Egyptian MythologyGods and Goddesses

Egyptian Goddess Maat; Discover its history and 3 practices of the goddess

Posted On
Posted By allegoris

Egyptian Goddess Ma’at; Discover its history and 3 practices of the goddess

The Goddess Ma’at was the Egyptian Goddess of Balance, Justice, and Order.

Her most known function is weighing the deceased heart on the scale against her feather, the feather of Ma’at. However there is more to this goddess.

In this post we’ll explore the history and various responsibilities associated with her. We will also discover how you can connect to her.

Who was Maat in Ancient Egypt?

Egyptian Goddess Ma’at was the daughter of the sun god Ra. Her name also meant  Mayet which translated to that which is straight.

Ma’at was born when Ra spoke the world into creation in the primordial waters of Nun. She was also known as the consort of the Egyptian God Thoth and the mother of the Ogdoad in some sources.

Depiction of Maat

Ma’at was usually depicted as kneeling with arms/wings open on a stable stone platform and wearing the feather of truth.

In another common depiction, Maat stands with an ankh and the Was Scepter in each hand.

The most abstract form of the Egyptian Goddess Maat was her link to “Order” during the creation of the world by Ra.

While her personification was Justice. This is emphasized by the weighing of the soul and her depiction of being headless with a feather to represent her head.

What were the functions of Ma’at in Ancient Egypt?

The Spirit of Ma’at

Once a person was dead in ancient Egypt they passed through Duat, the Egyptian Realm of the dead.

The scale of Anubis served as the function of weighing with the heart of the deceased on one end and the feather of Ma’at placed on the other end.

The weighing of the heart began by having the deceased repeat the 42 laws of Maat. If the heart weighed lighter than the feather then the soul could pass into Aaru the Egyptian Heaven. However, if the heart weighed heavier than the feather then the crocodile god Sobek devoured their soul.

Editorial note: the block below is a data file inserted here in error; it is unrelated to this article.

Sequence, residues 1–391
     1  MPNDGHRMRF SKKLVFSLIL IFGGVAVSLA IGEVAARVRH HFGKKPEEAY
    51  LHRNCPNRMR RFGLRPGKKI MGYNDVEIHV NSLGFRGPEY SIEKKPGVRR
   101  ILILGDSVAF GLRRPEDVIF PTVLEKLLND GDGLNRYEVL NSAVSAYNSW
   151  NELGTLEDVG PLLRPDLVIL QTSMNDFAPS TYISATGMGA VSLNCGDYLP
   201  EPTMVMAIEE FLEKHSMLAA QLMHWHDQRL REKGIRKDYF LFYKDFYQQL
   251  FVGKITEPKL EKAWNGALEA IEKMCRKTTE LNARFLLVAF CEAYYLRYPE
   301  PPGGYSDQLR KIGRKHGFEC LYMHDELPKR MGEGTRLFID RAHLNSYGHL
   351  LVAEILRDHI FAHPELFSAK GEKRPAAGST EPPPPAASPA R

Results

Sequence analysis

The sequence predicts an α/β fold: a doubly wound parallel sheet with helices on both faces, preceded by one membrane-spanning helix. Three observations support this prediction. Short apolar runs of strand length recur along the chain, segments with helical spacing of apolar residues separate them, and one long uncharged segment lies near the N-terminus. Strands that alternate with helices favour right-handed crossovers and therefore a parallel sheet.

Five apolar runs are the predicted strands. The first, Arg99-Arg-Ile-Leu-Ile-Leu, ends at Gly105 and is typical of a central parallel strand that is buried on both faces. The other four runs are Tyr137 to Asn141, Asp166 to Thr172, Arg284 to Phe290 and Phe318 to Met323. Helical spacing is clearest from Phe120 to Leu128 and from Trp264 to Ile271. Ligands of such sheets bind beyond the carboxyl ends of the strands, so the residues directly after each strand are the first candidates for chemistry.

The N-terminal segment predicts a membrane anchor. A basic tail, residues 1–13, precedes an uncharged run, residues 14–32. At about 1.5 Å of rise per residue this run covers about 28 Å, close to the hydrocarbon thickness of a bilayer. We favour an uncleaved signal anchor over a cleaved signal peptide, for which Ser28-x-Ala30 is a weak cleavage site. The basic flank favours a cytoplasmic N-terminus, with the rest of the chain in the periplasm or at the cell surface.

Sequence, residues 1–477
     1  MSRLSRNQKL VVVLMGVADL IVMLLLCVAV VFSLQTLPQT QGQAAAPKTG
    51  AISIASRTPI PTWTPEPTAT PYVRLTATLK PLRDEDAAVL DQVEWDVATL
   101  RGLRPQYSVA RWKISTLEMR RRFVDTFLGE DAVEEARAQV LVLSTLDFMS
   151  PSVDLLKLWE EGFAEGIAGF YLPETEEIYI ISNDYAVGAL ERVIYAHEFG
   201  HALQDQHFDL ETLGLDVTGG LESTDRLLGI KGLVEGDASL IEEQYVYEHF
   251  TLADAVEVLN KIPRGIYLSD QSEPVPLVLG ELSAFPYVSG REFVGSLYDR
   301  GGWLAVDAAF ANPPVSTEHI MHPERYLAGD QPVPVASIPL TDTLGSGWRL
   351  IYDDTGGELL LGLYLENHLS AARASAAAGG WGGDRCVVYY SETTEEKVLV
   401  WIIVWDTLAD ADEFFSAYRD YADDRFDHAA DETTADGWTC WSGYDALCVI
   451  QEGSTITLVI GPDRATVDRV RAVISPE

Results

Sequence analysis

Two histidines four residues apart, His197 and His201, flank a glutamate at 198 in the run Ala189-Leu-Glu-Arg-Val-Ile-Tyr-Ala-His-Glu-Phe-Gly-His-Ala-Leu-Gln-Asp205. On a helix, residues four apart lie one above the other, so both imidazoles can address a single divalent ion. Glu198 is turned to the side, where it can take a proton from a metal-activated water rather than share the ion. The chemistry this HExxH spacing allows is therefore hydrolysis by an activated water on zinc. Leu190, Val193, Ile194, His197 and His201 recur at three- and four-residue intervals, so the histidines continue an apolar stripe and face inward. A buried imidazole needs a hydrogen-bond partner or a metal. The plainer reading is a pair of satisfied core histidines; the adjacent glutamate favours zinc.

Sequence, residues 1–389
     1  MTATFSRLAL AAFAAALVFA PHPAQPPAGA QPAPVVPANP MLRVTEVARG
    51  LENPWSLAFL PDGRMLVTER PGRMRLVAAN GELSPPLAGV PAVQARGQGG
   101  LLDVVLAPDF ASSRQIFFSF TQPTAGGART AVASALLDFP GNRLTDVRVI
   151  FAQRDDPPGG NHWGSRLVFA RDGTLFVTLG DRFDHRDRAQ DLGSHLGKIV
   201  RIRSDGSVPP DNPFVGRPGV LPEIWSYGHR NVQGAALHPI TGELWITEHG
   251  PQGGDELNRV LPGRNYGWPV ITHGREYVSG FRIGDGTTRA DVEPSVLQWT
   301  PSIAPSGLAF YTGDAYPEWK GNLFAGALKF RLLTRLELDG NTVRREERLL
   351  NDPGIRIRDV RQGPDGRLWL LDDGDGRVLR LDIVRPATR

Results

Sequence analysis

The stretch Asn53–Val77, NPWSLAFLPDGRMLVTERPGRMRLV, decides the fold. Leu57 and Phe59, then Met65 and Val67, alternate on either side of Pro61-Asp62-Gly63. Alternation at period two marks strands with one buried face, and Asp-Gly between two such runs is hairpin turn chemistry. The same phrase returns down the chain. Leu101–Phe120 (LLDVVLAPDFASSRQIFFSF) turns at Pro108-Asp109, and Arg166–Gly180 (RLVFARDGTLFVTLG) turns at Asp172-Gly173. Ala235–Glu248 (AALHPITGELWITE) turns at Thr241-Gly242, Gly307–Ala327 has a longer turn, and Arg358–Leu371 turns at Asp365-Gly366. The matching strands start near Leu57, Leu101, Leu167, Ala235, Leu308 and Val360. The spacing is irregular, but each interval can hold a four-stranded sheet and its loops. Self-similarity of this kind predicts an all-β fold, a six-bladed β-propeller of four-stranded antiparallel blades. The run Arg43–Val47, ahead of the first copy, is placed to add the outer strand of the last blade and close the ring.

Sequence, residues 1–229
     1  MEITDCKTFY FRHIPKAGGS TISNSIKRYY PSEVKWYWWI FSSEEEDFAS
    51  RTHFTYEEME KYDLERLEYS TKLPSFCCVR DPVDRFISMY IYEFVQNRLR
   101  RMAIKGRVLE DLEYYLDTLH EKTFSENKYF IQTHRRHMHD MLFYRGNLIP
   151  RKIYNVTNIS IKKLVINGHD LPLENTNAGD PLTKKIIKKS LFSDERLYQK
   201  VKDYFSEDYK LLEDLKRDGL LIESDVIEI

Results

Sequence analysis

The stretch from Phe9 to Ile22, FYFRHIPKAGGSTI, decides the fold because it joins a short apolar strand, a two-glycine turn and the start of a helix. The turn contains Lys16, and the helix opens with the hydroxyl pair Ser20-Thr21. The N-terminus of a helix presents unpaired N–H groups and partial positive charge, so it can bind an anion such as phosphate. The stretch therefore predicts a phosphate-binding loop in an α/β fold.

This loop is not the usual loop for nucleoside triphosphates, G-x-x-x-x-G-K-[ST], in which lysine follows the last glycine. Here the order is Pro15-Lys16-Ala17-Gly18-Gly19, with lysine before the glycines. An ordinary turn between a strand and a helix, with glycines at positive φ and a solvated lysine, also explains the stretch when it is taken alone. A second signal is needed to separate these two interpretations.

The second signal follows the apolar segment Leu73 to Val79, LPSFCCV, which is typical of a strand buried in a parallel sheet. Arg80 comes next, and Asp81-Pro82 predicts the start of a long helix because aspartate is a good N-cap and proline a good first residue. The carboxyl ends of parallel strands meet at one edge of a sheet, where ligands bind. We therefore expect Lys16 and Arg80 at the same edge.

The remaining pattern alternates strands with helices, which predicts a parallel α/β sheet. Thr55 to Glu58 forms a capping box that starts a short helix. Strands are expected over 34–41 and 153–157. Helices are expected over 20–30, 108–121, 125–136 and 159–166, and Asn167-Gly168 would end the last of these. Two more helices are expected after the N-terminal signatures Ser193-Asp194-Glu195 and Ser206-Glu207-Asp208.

Book of the dead
Book of Dead, Anubis weighing with Ma’at as scales. (Photo credit Steven Zucker)

Keeper of Values and Traditions

Ma’at was also an abstraction during those days for unchanging values and traditions. Kings in ancient Egypt performed Ma’at by giving offerings to Gods.

The offerings were symbolic of Ma’at by upholding the principles of Order which were in place since the beginning of times when Ra creates the world. This ensured permanence and continuity of values and tradition in the Ancient Egyptian societies.


There is no official Temple in the honor of Ma’at. However, Queen Hatshepsut 18th Dynasty of Egypt (the second female Pharaoh of Egypt to have been historically confirmed) considered herself as the embodiment of Ma’at, which was also called Maatkare.

Maatkare loosely translates to the Goddess Maat is the life force of the Sun God Re. She built a temple for Maat in the Karnak Montu area.

Karnak Temple Palace of Ma'at
Karnak Temple Palace of Ma’at (Photo credits kairoinfo4u)

No functions of Ma’at is complete without mentioning her 42 laws, the earliest mention of them is found in the Pyramid Texts. The papyrus of Ani or Book of the dead considered them to be 42 declarations of purity.

42 Laws of Ma’at

  1. I have not committed sin.
  2. I have not committed robbery with violence.
  3. I have not stolen.
  4. I have not slain men and women.
  5. I have not stolen grain.
  6. I have not purloined offerings.
  7. I have not stolen the property of the gods.
  8. I have not uttered lies.
  9. I have not carried away food.
  10. I have not uttered curses.
  11. I have not committed adultery.
  12. I have made none to weep.
  13. I have not eaten the heart [i.e., I have not grieved uselessly, or felt remorse].
  14. I have not attacked any man.
  15. I am not a man of deceit.
  16. I have not stolen cultivated land.